My preferred method of growing requires that I set up trellising during the 2nd week of the flower stage. Due to the size plants, I am growing I will not need to support them until this stage. I usually see extreme growth early in flowering and wait until that growth slows before setting up the trellis/scrog. I personally prefer using trellising versus other methods of support as it is easier to install and work within indoor settings. Trellising provides more flexibility when rearranging the plant canopy, allowing more freedom when spreading out the canopy in ways that other support systems limit you. I also like how easily I can super crop tall stems under the trellis to ensure they hold in place due to the trellis to provide a higher flower count. See Pruning & Training Cannabis Plants for Maximum Production for details on this yield enhancement method.

Stakes are effective and can serve a great role in supporting plants however there are a few drawbacks when using them to scale into large facilities. The first concern is contamination as they must be cleaned and sterilized after each use to prevent any kind of cross-contamination on the next plants that will use them. The second concern in using stakes is a safety issue as stakes can puncture an eye very easily. In smaller grows and home grows I have learned over many times into the canopy only to catch a stake in the cheek or face narrowly missing my eye.

Tomato cages are a great support system as well and can be highly effective when used properly for plants grown outdoors. Once again, your plant’s size will determine when to start supporting. My preferred method for indoor grows start during the flower phase but when growing larger plants outdoors I start using tomato cages earlier in the vegetative stage, so I can support them plant against wind damage.

Supporting plants with trellis, tomato cages, stakes or whatever you use can bring great improvement in yields when applied properly. I have seen yield increases by up to 30% simply by just rearranging the canopy to maximize light exposure to the plant’s grow points. This is one of many methods you can use to increase productivity from your crop. Treat your plants like a bonsai tree and learn what it requires when trellising, staking or caging for maximum production.

ABOUT THE AUTHOR

Ellis Smith is co-founder and Chief Development Officer of American Cannabis Company (ACC). He has more than 20 years of horticulture experience in the specialty cut flower market, operating indoor gardens which helped him understand complex growing systems. As a cannabis grower, he developed an all natural soil medium known as SoHum Living Soil® which is used by hundreds of commercial cannabis operations. As CDO of ACC, Mr. Smith is also responsible for the design and construction of more than 1 million square feet of cannabis grow space in the U.S. and Canada.

When to Harvest 101

HARVEST….It’s the time you have been waiting for! In preparation for your big day, you will want to be sure to flush your plants with water only for at least 7 days prior to harvest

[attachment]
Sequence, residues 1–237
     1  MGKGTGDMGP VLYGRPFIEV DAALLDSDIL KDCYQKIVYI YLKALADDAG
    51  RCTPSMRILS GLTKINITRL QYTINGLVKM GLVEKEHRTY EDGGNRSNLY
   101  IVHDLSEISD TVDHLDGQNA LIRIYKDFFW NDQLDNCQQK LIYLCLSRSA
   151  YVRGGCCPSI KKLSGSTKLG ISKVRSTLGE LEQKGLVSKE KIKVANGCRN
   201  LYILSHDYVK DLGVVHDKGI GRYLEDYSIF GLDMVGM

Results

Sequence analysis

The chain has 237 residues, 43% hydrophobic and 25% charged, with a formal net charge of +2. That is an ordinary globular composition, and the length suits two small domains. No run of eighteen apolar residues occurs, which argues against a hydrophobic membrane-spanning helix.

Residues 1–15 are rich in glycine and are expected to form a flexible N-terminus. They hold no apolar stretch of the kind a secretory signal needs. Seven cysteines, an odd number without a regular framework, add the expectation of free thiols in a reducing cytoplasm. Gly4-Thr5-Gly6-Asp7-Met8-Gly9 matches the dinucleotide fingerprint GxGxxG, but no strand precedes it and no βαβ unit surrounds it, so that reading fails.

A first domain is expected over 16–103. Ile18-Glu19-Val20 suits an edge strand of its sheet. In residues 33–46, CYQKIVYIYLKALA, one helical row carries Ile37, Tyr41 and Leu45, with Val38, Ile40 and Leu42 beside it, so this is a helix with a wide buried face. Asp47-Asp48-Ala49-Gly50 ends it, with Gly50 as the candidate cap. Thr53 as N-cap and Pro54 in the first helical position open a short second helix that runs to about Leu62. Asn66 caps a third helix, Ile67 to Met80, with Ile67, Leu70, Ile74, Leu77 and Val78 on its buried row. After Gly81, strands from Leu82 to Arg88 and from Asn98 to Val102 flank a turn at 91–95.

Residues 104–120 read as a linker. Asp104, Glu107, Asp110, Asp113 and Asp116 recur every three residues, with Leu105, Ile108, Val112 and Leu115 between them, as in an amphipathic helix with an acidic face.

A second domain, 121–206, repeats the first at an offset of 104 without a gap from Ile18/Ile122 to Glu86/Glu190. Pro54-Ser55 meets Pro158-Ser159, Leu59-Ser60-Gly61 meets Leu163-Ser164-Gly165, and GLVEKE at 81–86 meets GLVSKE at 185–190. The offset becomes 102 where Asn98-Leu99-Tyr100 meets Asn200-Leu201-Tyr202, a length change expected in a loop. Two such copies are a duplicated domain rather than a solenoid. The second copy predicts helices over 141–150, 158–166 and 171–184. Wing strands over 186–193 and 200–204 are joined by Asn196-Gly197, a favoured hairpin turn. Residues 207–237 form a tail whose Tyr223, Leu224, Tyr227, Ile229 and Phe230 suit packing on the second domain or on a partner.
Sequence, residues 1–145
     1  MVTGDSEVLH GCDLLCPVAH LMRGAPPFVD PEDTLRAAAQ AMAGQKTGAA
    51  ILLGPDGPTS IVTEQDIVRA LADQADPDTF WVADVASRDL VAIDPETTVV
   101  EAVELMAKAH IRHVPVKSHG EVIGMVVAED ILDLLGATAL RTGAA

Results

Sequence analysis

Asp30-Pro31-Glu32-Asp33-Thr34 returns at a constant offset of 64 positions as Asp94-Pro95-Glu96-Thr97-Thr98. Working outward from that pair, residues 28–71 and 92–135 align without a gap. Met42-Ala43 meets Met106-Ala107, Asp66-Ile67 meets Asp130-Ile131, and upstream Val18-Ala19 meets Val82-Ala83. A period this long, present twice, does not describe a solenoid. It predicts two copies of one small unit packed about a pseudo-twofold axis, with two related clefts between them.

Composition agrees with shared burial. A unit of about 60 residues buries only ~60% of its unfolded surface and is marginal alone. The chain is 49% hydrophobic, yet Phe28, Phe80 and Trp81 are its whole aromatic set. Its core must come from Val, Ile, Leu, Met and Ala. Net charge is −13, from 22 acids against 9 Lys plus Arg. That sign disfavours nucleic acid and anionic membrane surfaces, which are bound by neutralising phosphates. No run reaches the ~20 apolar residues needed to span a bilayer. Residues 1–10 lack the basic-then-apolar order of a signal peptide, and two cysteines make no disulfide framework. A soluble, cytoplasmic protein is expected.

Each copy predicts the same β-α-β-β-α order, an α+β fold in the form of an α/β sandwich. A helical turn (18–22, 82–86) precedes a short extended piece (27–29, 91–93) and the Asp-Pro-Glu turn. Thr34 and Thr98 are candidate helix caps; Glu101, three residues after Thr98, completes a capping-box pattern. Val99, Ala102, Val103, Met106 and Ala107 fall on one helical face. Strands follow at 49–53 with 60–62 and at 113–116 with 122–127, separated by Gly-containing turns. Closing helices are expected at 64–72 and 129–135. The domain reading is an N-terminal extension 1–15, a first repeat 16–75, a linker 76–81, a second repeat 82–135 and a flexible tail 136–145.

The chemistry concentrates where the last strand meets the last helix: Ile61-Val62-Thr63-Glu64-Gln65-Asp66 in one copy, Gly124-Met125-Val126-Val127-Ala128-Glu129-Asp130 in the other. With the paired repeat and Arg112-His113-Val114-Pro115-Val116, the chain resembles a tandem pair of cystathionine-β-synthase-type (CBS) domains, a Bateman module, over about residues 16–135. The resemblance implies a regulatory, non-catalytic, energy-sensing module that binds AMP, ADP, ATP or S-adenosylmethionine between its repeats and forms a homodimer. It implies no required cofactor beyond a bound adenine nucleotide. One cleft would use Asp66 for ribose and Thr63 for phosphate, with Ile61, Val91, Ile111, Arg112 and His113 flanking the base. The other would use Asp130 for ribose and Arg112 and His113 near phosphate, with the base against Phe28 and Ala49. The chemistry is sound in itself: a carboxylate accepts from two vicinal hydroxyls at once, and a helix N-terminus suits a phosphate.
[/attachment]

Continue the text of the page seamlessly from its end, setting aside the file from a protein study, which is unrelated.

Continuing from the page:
to ensure the removal of any salt build up and remaining nutrients from the soil to reduce
the harsh sensation that may be experienced when smoking finished product. Ideally, by
the time of harvest, your plants will be yellowing, further aiding in the reduction of any harsh
flavor. Remember, flower will burn to white ash as an indicator that your plants have been
properly flushed. Please note that if you are using living soil as your selected medium,
you will not experience any salt build-up and therefore will have no need to flush your
plants.

Knowing when to harvest your cannabis does not need to be scary or overwhelming. As
a grower, you have just spent the last 90 to 120 days taking care of clones or seedlings
to create strong roots, vegging your plants to perfection and finally, flowering your plants
for peak performance. So, when is the right time to harvest? There is no definitive answer
as everyone has their own metrics and ideal characteristics for determining the best time
for harvesting plants. The technique that I have developed through years of experience,
is a combination of trial and error and the knowledge that has been bestowed upon me
by masters of the craft.

Please utilize the following information as a basic guideline for monitoring your plant’s
trichomes as you experiment to find what works best for your desired preference of your
end-product. Trichomes (traɪkoʊmz or trɪkoʊmz), from the Greek τρίχωμα (trichōma) meaning “hair”,
are fine outgrowths or appendages on plants, algae, lichens, and certain protists that are
of diverse structure and function. On the cannabis plant, they are the source of the
cannabinoids, the molecular chemical compounds such as THC, CBD, CBG, and CBC
among others. In the final flowering stage trichomes appear clear like a
crystal.

Step 1. Examine the trichomes, using a magnifying glass or scope for an enhanced view,
to observe closely enough to allow you to see the full spectrum of color contained within.

Step 2. Through your magnified observations, trichomes should ideally appear as either